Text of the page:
Pandemonium reigned. It is impossible to give an accurate chronological account of what took place, for the eyewitness accounts differ. Perhaps the first to be killed was Marsh who was operating the gristmill. His death was probably instantaneous as none of the survivors listed him as being among the wounded.
Another killed during the first few minutes of the attack was Hoffman, who was the only one of the victims who was able to offer any effective resistance. Catherine wrote: "Mr. Hoffman was butchering beef and fought manfully with an ax and was seen keeping several Indians at bay. He felled several with powerful blows from his ax, and split one of his assailant's feet before he was finally overpowered. They disemboweled him." 54No doubt this mutilation was the result of the angry resentment of those whom he had wounded. There is no evidence that the Indians scalped any of their victims.
Catherine Sager, who was standing with Narcissa looking through the upper part of the east door of the living room, which was a window, saw the Indians attack Saunders. Of this she wrote: "Mr. Saunders had commenced school at one o'clock. Hearing the explosion [i.e., the rifle shots] in the kitchen, he ran down to see what caused it. Mother saw him just as he got to the door. She motioned to him to go back. He ran back, and had just got to the stairway [consisting of two or three steps] leading up to the school, when an Indian seized him, but being an active man, the Indian could not master him. I watched the struggle from the window. Sometimes the savage would throw him, but he would bound to his feet again, never losing his hold of the first one. I looked till my heart sickened at the sight. Mr. Saunders wrestling for life with those ruthless murderers, and they with their butcher knives trying to cut his throat. He got loose from them and had got almost to his door . . . before he was overpowered. His body was pierced with several balls when he fell. They beat his head till it was mashed to pieces."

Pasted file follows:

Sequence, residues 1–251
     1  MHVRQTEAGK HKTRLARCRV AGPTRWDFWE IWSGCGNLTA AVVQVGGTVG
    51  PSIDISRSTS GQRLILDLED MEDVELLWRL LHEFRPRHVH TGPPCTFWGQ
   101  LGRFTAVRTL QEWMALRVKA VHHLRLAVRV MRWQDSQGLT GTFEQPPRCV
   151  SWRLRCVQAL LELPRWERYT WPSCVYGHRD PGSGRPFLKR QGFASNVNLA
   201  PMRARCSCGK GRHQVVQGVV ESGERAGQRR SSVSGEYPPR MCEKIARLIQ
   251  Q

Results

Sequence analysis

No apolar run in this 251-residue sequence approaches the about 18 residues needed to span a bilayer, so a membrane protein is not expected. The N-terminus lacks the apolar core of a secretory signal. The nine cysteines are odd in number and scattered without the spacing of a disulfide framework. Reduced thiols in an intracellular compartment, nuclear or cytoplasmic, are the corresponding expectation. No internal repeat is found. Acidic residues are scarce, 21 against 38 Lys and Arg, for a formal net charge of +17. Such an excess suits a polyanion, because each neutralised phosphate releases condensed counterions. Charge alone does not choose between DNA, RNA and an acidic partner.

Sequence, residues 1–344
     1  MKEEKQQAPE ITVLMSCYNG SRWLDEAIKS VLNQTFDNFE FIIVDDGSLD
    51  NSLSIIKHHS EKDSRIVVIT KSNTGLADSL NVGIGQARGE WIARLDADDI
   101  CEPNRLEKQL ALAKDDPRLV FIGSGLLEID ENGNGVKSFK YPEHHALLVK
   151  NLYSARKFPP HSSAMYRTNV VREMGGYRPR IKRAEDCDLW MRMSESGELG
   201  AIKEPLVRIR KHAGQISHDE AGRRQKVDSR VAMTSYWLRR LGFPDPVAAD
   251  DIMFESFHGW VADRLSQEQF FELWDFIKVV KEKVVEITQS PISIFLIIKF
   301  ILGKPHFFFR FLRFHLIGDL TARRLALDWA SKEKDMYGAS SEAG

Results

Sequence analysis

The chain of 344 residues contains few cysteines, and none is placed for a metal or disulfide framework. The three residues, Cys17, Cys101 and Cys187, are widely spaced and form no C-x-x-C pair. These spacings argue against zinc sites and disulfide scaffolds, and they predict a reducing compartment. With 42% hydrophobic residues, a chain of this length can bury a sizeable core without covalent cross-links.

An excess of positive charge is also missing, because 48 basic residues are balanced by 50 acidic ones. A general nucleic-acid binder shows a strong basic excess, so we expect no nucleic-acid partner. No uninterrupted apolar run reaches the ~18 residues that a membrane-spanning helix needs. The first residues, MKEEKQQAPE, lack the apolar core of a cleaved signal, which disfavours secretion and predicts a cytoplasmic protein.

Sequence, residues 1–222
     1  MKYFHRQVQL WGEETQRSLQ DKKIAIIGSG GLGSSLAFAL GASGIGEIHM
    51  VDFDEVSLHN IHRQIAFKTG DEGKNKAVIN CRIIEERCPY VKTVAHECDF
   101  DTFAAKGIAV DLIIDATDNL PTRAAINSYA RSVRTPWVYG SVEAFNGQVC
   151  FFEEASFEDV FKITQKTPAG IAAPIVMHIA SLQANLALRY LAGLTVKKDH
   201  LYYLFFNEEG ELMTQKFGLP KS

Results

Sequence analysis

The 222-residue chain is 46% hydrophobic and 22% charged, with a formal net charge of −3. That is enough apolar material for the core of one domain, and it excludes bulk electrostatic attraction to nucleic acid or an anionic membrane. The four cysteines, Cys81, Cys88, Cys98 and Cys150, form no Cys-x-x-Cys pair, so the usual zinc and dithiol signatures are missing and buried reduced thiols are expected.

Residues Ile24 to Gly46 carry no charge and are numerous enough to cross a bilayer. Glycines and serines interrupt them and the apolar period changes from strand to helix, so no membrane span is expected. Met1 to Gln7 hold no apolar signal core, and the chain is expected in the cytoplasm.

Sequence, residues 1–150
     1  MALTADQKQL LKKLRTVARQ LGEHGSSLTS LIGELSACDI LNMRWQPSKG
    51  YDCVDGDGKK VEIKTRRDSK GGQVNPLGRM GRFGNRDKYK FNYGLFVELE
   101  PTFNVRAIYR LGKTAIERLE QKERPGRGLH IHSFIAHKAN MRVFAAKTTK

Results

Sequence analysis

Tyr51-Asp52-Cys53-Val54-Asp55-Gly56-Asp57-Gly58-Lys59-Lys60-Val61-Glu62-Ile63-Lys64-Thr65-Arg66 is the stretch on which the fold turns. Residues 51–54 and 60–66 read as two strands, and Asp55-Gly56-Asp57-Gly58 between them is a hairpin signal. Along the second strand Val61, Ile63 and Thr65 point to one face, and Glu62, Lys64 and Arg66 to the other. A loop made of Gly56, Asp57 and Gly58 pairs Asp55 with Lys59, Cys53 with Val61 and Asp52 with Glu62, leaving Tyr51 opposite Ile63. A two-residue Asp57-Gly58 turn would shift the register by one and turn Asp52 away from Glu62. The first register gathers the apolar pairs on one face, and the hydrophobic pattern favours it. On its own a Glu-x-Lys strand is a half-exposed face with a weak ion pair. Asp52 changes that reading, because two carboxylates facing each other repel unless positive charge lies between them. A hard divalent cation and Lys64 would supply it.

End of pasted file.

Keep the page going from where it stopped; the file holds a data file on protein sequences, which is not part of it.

Elizabeth Sager testified at the Oregon City trial, held in May 1850, that she saw Ish-ish-kais-kais shoot Saunders. Osborn in his testimony given at the same trial said that Tomahas was one of those who took part in the attack. Mrs. Hall, who was watching the horrifying events from a window in the emigrant house, thought that the Indians were attacking Dr. Whitman, and so testified at the trial. She then claimed that Tiloukaikt was one of the assailants. Both Catherine and Elizabeth Sager, however, claimed that Mrs. Hall was mistaken, as Dr. Whitman was never able to leave the kitchen after being struck down. Matilda Sager remembered that after the Indians had killed Saunders, they cut off his head.55
Among those who witnessed the attack of the Indians on the three men who were butchering the beef and on the schoolteacher was twelve-year-old Nathan Kimball, Jr. After more than fifty years, Nathan was able to recall with vividness the events of those days. Regarding the mutilation of the bodies of the victims, he wrote: "The bodies, or pieces of them, lay scattered all around, an arm here and a leg there. Some of the men had their breasts torn open and their hearts taken out. I saw two Indians each with a stick and a human heart stuck upon it, which they showed to the women, and told them that they belonged to their husbands, and that they were going to eat them. I don't think they did but I don't know."56